As Dan continued to type his latest essay, George flew off into the crisp night sky en route to his next stop on his annual trip. The home of his son, Hal Steinbrenner. In a flash, George was standing outside the home of his son, Hal, and was glaring in through the window of his dimly lit living room. Everyone was asleep in the house, but Hal could be seen on the couch with a laptop on his lap. Hal’s eyes were searching for sleep and on the brink of closing for the night when the ghost of his late father appeared, startling him to attention.

“Dad, you have got to stop doing that. Just come in like a normal… yeah… never mind. What’s up?” Hal looked at George hoping for a response, but the Ghost of Yankees Past knew if he looked at his son long enough that he would begin answering all of his own questions for him. George continued to glare, “Yes, dad. I know what you’re going to say, but it isn’t my fault.” Hal began to stammer while his late father continued to look at him deeply, trying not to crack a smile. “We never made a formal offer to Corbin, but that doesn’t mean we weren’t involved. We wined and dined the guy and his wife, we told him where we were willing to go, and he just wasn’t on the same page as us. He chased the money.” Hal knew that his previous statement reeked of irony, especially to the man that probably coined the term “chasing the money” after all, but he did not deter in his defense as George continued to stare blankly at him. “Five-years and $100 million I think is fair. We were even willing to go up to $125 million, but he just balked at that sixth year. It doesn’t matter, we got Paxton and Happ and we are going hard for Machado as well. Just like you wanted.” George could no longer fight back the grin as he let that smile slip just a bit as Hal continued. “We are just as good as the Red Sox right now!” And just like that, the smile was wiped from George’s face, and in its place was a look of anger. George never wanted to be just as good as the Red Sox, or any team for that matter, he wanted to be better than everyone else. No, George demanded that his teams be better than everyone else, or else. Hal could tell that he angered his father, something he knew better than to do growing up, and tried to immediately backtrack. “But that doesn’t mean we don’t have room to improve. We are just as good as the Red Sox NOW, but they are trying to trade Rick Porcello and maybe Xander Bogaerts from their major league roster, while we are still looking to add pieces to ours. I think we can get Manny Machado, and Bryce Harper is still out there. We can do better. No, we will do better!”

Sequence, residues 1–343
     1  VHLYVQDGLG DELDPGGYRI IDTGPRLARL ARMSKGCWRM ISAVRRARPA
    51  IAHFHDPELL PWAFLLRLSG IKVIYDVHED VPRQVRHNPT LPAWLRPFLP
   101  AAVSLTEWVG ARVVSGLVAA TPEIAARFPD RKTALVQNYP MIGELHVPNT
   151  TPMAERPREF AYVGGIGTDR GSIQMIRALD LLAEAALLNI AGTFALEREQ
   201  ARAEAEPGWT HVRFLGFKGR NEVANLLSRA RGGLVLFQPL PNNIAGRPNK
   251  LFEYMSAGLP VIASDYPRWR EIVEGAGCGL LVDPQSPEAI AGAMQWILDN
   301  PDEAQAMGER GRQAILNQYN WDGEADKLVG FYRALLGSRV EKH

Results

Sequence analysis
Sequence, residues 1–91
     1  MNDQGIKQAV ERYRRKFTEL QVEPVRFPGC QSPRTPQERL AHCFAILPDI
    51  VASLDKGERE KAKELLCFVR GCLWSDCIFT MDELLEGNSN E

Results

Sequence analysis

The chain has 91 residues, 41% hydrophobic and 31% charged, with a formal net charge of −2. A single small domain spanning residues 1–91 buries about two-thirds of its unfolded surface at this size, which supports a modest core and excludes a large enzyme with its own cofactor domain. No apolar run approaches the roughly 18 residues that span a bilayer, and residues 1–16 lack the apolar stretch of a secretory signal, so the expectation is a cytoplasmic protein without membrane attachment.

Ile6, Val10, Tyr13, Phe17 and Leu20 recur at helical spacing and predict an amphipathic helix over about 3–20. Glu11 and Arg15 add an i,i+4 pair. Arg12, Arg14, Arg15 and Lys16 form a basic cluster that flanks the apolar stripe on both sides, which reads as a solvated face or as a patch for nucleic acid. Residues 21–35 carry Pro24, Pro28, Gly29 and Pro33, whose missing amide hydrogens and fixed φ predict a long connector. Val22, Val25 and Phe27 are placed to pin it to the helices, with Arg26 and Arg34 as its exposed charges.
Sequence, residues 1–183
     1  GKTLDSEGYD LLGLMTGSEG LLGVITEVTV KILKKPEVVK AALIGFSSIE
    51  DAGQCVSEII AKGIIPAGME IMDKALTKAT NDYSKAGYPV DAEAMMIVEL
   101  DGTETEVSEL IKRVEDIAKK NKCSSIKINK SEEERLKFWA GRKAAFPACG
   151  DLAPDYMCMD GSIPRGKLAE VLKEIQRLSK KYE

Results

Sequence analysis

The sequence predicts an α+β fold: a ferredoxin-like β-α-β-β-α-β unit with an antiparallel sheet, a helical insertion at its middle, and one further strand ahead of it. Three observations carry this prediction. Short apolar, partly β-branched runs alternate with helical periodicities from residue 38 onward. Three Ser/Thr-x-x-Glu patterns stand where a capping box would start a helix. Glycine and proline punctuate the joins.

Without saying a word, George flew away into the Christmas eve sky, leaving Hal standing there to wonder if what he said had been enough to win over the approval of his father.

Michael P.